Suddhendhu; Ebraheem, Nather A. On a logistic process
oriented population model for the optimal growth rate of a
population. Genus, Vol. 44, No. 3-4, Jul-Dec 1988. 19-35 pp. Rome,
Italy. In Eng. with sum. in Fre; Ita.
The authors present a stochastic model to estimate maximum and minimum population growth rates. The model assumes a population that is converging toward stability while its growth pattern is determined by density-dependent fertility and mortality parameters. The model is tested using official data on the population of India.
Correspondence: S. Biswas, University of Delhi, Department of Statistics, Delhi 110 007, India. Location: Princeton University Library (SPR).
Gaston E. Dynamics of populations with age-difference and
diffusion: localization. Applicable Analysis, Vol. 29, 1988.
143-63 pp. London, England. In Eng.
"In this paper we study the behavior of the solutions of the Gurtin-MacCamy model for the dynamics of populations with [spatial] diffusion and age-dependence. We give sufficient conditions on the birth and death modules for the population to remain localized in a fixed interval or to ultimately cover all the domain."
Correspondence: G. E. Hernandez, University of Iowa, Department of Mathematics, Iowa City, IA 52242. Location: Princeton University Library (SM).
55:40669 Liao, Tim
F. A flexible approach for the decomposition of rate
differences. Demography, Vol. 26, No. 4, Nov 1989. 717-26 pp.
Alexandria, Virginia. In Eng.
"Conventional methods of decomposing the difference between two rates, such as Kitagawa's classic component analysis, are confined to taking the average of compositional differences. I propose a more general modeling approach involving three steps: (1) A system of equations with the various additive components of the rate difference is set up; (2) unknowns (refined rate differences) are estimated with Clogg's purging method; (3) the components are calculated. I use an example of U.S. mortality data to compare the proposed method with the conventional ones. The method can be generalized to decompositions for multiple groups and for multiple confounding factors. Kitagawa's method is a special case of this general approach."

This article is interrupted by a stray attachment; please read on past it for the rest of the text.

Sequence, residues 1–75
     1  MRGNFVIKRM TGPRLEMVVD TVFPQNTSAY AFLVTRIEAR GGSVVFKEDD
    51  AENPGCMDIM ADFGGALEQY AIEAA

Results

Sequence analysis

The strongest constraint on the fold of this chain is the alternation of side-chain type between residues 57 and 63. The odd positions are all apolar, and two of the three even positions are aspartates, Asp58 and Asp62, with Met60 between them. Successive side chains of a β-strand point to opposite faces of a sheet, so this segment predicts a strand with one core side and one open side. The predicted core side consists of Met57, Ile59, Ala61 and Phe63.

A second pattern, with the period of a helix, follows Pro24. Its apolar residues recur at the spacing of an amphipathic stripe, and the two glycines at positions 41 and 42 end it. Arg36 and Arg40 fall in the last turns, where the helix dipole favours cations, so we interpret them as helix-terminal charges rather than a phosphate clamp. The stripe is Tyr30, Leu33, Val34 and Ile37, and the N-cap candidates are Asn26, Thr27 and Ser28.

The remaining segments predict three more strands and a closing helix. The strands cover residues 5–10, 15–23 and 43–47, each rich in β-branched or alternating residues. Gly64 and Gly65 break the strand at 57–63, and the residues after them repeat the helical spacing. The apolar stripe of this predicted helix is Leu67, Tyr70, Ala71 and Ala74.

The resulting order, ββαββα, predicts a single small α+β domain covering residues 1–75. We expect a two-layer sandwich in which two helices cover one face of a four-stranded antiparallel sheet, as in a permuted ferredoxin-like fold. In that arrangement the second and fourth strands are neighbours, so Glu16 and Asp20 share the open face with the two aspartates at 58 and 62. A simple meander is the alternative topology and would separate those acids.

Correspondence: T. F. Liao, University of Georgia, Department of Sociology, Athens, GA 30602. Location: Princeton University Library (SPR).
Holger. The study of interdependent social processes using
event history analysis: the method and its application to the example
of young women's employment and family careers. [Die Untersuchung
interdependenter sozialer Prozesse mittels Ereignisanalysen: die
Methode und ihre Anwendung am Beispiel von Berufs- und
Familienkarrieren junger Frauen.] IBS-Materialien, No. 28, ISBN
3-923340-21-4. 1988. 100 pp. Universitat Bielefeld, Institut fur
Bevolkerungsforschung und Sozialpolitik: Bielefeld, Germany, Federal
Republic of. In Ger.
The method of event history analysis is described and its use in studying the interdependence of social processes is discussed. An example is presented using data on employment and family formation among young women in North Rhine-Westphalia, West Germany. The data were collected between 1981 and 1986 and concern more than 1,000 women.